Improving seismic techniques and billions spent on drilling have yielded dozens of discoveries, but the salt still gets in the way. Companies often don't know exactly what they'll find under the salt until after they've built a multibillion-dollar platform and start producing.

Others have faced issues with equipment. For instance, Chevron Corp., the largest acreage holder in the deep-water Gulf, recently delayed first production at its Tahiti field, 190 miles south of New Orleans, from mid-2008 after discovering problems with shackles used to keep the floating platform in place. The oil company hasn't given a new start date for Tahiti.

Even without equipment failures, some companies have had a bumpy ride. Anadarko Petroleum Corp. had big plans for its K2 field when it started production in 2005, but it struggled to reach half of its 80,000-barrel-a-day target amid problems maintaining well pressure. Then in February, the Houston-based company doubled its estimate of the size of K2's reservoir, to between two billion and four billion barrels. But there's a catch: While the field is proving larger than expected, extracting that oil will require a complicated and expensive series of chemical injections, which can make it easier to flush petroleum out of a difficult reservoir.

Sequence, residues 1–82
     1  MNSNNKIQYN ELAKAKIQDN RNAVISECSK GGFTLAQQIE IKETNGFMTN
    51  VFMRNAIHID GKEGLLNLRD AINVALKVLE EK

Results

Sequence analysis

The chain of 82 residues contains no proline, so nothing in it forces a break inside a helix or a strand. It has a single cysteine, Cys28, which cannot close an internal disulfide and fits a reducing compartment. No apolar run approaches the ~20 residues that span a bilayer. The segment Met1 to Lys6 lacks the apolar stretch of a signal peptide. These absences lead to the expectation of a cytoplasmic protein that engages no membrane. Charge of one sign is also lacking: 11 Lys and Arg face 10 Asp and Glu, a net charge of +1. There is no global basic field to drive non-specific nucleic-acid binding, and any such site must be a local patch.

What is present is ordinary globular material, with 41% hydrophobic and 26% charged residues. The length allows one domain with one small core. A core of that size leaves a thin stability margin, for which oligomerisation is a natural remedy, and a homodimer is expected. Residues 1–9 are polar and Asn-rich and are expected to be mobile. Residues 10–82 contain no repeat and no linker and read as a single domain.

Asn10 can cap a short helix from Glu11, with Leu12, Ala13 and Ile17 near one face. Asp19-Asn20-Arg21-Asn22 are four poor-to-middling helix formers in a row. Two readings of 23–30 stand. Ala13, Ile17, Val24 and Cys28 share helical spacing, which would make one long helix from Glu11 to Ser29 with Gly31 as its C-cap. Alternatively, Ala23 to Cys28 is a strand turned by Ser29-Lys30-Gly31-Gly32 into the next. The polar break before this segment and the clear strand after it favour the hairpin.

The deep-water Gulf has given the energy industry few, if any, unqualified hits this decade, in contrast to other new exploration areas where early expectations are often exceeded, says Mike Rodgers, a partner with consulting firm PFC Energy in Washington, D.C.

But with oil at around $70 a barrel, even an underperforming field can still be counted as a success if it was commissioned when prices were expected to top out at $40. BP PLC and Chevron both quote prices between $30 and $40 a barrel as enough to justify developing their most expensive projects in the Gulf.